Nausea and vomiting after stroke are side effects that should be managed as soon as possible.
Nausea can affect your motivation to pursue recovery, and vomiting can cause serious medical conditions like undernutrition and dehydration.
In rare cases, vomiting after stroke could be a sign of another stroke, so it should be treated as a medical emergency. It’s important to work closely with your medical team to understand the causes of your nausea and/or vomiting and seek treatment.
You’re about to learn possible causes of nausea and vomiting after stroke, and treatments that can help.
Causes of Nausea and Vomiting After Stroke
Every stroke is different, so everyone experiences side effects for different reasons. This can make it difficult to pinpoint the cause of nausea and vomiting after stroke.
While more research is needed in this area, some clinical studies have revealed patterns around vomiting after stroke.
Here are some common causes of nausea and vomiting after stroke:
Side effects of medication
It’s possible that certain medications can trigger vomiting after stroke. Many stroke survivors are put on new medications to manage conditions like spasticity, epilepsy, etc. Some of these medications could be causing nausea and vomiting as a side effect.
Check the side effects listed on your prescriptions to see if this is a culprit. Pay attention to when different medications are taken and when the nausea or vomiting begins to see if there’s a correlation
Location of the stroke
The location of the stroke has strong implications for the side effects experienced. Nausea and vomiting is frequently seen in patients with vertebrobasilar stroke. Also, cerebellar stroke patients commonly experience severe vertigo, nausea, and vomiting, along with poor balance.
Ask your neurologist about the location of your stroke. If you discover that these areas were affected, you are one step closer to seeking appropriate treatment.
Nausea and vomiting after stroke can also be a sign of a vestibular disorder.
The vestibular system is responsible for providing your brain with information about motion, head position, and spatial orientation. It’s involved in motor functions that contribute to balance and stabilization. When the vestibular system is impacted by stroke, it can cause poor balance, impaired gait, dizziness, nausea, and vomiting.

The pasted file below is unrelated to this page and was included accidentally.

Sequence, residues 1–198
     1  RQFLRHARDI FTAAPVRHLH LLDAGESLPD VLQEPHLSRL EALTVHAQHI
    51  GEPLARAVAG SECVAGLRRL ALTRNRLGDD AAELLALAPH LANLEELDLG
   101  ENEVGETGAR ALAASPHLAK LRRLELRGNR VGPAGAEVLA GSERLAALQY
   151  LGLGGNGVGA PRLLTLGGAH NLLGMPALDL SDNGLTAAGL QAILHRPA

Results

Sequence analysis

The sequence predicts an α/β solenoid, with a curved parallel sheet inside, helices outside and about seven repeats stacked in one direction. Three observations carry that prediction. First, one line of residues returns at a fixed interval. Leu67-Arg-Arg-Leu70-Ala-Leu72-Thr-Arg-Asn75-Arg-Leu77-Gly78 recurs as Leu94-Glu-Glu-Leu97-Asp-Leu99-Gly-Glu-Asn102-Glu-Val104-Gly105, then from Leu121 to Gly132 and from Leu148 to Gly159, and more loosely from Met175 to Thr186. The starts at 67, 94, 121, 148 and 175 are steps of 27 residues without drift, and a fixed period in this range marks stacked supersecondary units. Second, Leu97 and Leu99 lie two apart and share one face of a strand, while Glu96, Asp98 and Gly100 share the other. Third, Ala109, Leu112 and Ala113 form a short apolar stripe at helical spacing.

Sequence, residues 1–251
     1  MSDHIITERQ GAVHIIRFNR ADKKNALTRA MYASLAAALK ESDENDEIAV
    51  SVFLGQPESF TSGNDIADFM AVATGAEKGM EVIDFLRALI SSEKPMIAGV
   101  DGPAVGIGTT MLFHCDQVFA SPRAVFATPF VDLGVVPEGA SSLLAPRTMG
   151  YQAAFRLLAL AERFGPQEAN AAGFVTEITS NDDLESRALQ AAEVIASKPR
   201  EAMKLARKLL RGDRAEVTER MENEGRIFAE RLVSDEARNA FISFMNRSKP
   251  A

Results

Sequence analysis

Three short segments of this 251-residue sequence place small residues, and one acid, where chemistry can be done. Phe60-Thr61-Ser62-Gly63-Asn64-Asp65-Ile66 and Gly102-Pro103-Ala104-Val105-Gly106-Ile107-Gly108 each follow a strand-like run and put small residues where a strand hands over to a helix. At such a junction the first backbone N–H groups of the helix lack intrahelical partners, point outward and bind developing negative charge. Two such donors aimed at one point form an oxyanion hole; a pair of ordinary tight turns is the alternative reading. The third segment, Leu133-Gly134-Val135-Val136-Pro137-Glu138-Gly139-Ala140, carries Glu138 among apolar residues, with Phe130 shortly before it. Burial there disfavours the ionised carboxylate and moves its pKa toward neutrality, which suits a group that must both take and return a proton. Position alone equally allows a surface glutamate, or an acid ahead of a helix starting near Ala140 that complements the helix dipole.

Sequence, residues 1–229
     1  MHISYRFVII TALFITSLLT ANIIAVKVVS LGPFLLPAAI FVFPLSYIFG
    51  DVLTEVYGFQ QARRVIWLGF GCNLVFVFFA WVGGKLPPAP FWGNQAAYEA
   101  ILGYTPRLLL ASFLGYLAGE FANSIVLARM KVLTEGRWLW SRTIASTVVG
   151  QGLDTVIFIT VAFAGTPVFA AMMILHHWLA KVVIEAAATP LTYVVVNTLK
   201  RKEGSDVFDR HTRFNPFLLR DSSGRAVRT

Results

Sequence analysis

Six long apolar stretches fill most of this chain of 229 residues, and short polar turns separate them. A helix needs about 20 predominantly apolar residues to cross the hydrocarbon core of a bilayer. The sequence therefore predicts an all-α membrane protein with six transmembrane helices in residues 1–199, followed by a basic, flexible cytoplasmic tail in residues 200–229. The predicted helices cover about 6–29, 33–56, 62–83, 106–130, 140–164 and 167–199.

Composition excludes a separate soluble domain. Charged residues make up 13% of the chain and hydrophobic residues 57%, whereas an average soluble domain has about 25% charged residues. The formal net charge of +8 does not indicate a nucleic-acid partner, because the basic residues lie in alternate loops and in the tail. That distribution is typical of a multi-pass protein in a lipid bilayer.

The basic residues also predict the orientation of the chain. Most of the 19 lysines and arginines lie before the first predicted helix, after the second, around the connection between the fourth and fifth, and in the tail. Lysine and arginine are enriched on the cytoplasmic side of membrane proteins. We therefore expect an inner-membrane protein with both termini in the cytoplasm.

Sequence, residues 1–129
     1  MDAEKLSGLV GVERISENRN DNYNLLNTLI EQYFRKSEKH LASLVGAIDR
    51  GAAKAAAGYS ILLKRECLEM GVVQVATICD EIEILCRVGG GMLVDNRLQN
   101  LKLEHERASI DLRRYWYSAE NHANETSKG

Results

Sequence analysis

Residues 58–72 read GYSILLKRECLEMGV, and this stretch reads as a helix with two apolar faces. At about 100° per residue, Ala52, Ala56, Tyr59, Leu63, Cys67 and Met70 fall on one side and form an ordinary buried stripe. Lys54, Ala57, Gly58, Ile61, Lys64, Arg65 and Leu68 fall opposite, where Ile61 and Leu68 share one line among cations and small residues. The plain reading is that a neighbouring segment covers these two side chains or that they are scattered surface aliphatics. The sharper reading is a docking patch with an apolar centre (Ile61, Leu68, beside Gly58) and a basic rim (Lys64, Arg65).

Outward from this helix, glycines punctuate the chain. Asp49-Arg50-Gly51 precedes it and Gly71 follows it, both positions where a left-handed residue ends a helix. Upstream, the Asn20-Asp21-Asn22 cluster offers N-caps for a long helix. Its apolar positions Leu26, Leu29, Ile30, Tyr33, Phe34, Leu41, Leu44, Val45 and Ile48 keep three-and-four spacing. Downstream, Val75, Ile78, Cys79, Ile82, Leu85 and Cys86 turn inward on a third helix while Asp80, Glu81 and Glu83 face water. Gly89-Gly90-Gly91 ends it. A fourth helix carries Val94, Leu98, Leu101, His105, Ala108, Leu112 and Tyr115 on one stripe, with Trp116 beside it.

Nausea and vomiting are often secondary conditions, which means the symptoms occur after a stroke instead of before. However, it should still be treated as an emergency medical condition.
Although it’s rare, vomiting can be a sign that someone is having another stroke. It’s important to seek immediate care, especially if the person exudes any other signs of a stroke – like facial drooping, arm weakness, or slurred speech.
Cyclic vomiting syndrome
Cyclic vomiting syndrome is characterized by episodes of severe vomiting with no apparent cause. If none of the above conditions apply, this could be the cause of vomiting after stroke.
It’s extremely important to work closely with your medical team. Consistent or prolonged vomiting depletes the body of vital nutrients and fluids which can cause serious medical conditions.
Next, we’ll discuss some common treatment options that your doctor or therapist may suggest.
Treatment for Nausea and Vomiting After Stroke
If you suffer from nausea and vomiting after stroke, treat it like a medical emergency.
Although it’s rare, vomiting could be a sign of another stroke, and it’s best to get care immediately.
After doctors rule out the possibility of another stroke, they may suggest methods of treatment.
Here are some treatments commonly used to treat nausea and vomiting after stroke:
Vestibular Rehabilitation Training
When nausea and vomiting are accompanied by issues with balance, it could be an issue with the vestibular system. Talk to your therapist about vestibular therapy.